ABACA IN COCO FARM. Farmers plant an abaca seedling under a coconut tree during training in Hinunangan, Southern Leyte in this Sept. 16 photo. At least 20 hectares of farms in Eastern Visayas have been identified as pilot areas for the planting of abaca under coconut trees in the region, the Philippine Fiber Industry Development Authority (PhilFIDA) announced on Friday. (Photo courtesy of PhilFIDA)

TACLOBAN CITY – At least 20 hectares of farms in Eastern Visayas have been identified as pilot areas for the planting of abaca under coconut trees, the Philippine Fiber Industry Development Authority (PhilFIDA) announced on Friday.

PhilFIDA regional director Wilardo Sinahon said this is the first formal attempt to promote the cultivation of abaca under coconut trees in farms closer to communities.

The project initially identified farms in Hinunangan, Southern Leyte; Abuyog, Leyte; Catubig, Northern Samar; and Macarthur, Leyte for its pilot phase. The agency is focusing on four towns due to budget constraints.

“We have seen some farms where coconut and abaca grow together, but these are located in upland and far-flung areas. Also, there has been an intensive promotion of intercropping cacao, coffee, or banana in coconut farms. It’s high time to plant abaca under in coconut since the fiber is a shade-loving plant,” Sinahon told the Philippine News Agency (PNA).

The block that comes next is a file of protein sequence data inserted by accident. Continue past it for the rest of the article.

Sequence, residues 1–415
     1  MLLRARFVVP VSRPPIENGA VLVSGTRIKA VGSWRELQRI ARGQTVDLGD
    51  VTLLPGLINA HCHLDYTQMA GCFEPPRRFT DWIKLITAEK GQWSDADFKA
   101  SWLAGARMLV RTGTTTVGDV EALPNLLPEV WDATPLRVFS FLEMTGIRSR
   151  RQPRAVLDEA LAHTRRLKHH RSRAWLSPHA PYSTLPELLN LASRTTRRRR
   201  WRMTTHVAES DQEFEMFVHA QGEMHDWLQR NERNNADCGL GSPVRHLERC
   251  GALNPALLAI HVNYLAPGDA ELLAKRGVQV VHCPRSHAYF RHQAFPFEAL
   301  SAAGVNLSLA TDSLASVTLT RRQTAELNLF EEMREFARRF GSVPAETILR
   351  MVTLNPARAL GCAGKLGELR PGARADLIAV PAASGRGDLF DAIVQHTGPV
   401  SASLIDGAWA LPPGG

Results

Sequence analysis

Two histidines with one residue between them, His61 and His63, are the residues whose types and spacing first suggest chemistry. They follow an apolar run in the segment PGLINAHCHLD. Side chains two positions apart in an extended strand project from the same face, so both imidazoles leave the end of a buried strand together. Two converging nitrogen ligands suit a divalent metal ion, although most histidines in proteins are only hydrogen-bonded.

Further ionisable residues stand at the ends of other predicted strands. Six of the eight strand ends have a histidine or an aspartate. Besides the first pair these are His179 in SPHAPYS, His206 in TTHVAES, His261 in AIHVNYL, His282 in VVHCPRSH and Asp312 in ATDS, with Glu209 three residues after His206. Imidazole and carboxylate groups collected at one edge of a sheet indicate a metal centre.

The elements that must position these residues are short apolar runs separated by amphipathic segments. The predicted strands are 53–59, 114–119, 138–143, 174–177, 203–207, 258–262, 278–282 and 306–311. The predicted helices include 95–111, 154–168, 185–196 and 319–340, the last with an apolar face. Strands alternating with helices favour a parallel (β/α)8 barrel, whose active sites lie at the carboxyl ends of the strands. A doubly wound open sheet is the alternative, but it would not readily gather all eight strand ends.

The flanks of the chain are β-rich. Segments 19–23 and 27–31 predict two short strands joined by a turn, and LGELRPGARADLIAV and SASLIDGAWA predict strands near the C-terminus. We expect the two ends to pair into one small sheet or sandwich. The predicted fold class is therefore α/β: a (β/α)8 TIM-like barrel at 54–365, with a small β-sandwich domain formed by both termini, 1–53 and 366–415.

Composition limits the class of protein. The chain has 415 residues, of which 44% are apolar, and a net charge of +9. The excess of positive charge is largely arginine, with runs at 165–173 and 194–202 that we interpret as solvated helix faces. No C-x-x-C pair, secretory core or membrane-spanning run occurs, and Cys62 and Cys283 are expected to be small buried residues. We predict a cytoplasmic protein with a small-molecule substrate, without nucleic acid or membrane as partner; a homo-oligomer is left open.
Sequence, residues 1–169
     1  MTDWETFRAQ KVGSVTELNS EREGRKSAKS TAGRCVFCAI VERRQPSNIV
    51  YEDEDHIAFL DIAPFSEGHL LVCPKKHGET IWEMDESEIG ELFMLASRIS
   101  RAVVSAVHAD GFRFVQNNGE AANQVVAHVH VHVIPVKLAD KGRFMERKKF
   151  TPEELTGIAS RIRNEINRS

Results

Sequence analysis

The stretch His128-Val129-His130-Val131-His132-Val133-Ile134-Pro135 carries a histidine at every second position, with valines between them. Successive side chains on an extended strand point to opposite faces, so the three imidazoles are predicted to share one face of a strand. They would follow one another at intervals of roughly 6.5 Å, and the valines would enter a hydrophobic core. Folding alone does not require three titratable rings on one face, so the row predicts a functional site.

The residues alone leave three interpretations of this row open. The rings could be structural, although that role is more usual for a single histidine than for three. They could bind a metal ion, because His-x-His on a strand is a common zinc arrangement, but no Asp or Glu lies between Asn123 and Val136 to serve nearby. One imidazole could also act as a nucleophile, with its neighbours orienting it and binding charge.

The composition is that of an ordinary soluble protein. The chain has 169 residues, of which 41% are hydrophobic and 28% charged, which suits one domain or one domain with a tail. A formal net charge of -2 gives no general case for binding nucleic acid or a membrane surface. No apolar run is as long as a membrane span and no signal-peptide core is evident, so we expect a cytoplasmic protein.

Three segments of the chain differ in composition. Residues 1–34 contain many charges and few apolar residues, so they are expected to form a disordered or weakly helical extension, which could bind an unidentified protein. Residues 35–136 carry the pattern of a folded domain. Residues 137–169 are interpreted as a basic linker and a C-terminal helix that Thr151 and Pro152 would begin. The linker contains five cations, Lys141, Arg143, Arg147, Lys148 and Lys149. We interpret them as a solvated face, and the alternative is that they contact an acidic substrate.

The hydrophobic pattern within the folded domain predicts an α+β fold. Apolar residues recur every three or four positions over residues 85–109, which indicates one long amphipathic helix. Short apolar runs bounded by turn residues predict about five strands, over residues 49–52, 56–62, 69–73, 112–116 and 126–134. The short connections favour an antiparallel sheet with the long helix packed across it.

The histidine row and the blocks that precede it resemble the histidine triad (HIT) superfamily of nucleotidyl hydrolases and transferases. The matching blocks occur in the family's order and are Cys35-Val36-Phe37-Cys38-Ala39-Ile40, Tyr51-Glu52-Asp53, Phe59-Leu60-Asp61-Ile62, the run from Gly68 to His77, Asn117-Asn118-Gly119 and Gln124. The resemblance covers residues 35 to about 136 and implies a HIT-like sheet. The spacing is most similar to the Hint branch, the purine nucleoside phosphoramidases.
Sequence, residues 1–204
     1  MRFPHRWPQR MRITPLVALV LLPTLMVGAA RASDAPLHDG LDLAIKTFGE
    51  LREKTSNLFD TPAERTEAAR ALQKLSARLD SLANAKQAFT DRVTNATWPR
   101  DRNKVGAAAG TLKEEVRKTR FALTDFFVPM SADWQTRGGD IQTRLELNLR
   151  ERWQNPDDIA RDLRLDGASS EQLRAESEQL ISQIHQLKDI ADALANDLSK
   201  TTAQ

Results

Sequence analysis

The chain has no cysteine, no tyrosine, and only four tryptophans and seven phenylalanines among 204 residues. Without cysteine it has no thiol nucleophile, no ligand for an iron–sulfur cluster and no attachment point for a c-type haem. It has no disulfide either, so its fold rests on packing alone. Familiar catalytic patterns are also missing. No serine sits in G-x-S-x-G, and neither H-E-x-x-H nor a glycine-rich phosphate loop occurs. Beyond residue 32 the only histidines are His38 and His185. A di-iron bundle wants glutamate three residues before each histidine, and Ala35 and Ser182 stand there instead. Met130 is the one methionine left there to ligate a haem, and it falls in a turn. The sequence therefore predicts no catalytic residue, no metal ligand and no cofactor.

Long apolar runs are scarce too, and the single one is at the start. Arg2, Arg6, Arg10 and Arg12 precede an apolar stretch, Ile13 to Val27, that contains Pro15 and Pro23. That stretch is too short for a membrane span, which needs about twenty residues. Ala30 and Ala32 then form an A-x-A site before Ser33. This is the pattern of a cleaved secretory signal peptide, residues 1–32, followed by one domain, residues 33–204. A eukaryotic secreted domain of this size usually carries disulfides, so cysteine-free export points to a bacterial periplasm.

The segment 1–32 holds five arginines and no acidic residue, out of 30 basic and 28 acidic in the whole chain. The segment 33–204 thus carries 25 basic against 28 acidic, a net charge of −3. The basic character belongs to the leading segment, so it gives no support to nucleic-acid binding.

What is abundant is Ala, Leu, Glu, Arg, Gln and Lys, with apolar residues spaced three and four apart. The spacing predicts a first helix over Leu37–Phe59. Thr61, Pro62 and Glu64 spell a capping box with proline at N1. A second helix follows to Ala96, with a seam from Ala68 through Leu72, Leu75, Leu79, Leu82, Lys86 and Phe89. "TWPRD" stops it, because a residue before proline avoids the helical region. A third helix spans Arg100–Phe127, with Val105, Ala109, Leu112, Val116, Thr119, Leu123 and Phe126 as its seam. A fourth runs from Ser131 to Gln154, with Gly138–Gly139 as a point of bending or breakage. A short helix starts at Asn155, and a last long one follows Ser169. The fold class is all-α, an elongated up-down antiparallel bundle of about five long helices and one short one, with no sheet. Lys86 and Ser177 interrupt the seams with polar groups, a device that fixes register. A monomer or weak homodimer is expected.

The project will require about 30,000 seedlings with over 1,000 of it needed for every hectare of coconut farm. It is seen as an opportunity to raise the income of poor farmers.

On Oct. 15, PhilFIDA started the turnover of abaca planting materials in Lombog village, Hinunangan, Southern Leyte.

The project is in partnership with the Philippine Coconut Authority and local government units.

Eastern Visayas is one of the abaca-producing areas in the country with about 20,000 hectares of land devoted to abaca production.

The region produces 9,000 metric tons of abaca fiber every year.

Abaca fiber is now in demand in the global market due to its application in various products such as electronics, health, and medical products like face masks and personal protective equipment (PPE).

Abaca, known as Manila hemp, is considered the strongest of natural fibers. For decades, abaca fibers are extensively used to produce ropes, woven fabrics, and tea bags, among others. (PNA)